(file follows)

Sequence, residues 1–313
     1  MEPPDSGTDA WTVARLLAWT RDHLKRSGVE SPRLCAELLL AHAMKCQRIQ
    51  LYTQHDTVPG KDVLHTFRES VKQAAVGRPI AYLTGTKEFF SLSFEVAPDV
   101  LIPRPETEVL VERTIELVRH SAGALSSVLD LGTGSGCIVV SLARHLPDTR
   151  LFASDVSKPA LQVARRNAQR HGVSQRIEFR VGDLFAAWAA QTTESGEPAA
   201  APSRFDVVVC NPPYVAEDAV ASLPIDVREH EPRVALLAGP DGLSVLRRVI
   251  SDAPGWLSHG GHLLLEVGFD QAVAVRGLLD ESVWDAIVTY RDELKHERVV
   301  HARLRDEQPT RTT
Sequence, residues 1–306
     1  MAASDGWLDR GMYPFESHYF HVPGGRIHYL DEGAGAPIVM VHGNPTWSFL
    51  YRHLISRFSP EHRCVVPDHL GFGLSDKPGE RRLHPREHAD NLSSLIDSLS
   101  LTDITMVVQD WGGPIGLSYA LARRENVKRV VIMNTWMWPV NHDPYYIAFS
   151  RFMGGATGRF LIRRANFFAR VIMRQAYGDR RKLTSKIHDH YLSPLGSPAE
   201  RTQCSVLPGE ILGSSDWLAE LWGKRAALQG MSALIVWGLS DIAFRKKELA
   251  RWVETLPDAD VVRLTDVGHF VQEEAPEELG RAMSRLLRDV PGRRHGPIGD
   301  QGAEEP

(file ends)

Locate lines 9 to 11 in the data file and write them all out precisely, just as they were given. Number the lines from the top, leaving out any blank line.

Sequence, residues 1–306
     1  MAASDGWLDR GMYPFESHYF HVPGGRIHYL DEGAGAPIVM VHGNPTWSFL
    51  YRHLISRFSP EHRCVVPDHL GFGLSDKPGE RRLHPREHAD NLSSLIDSLS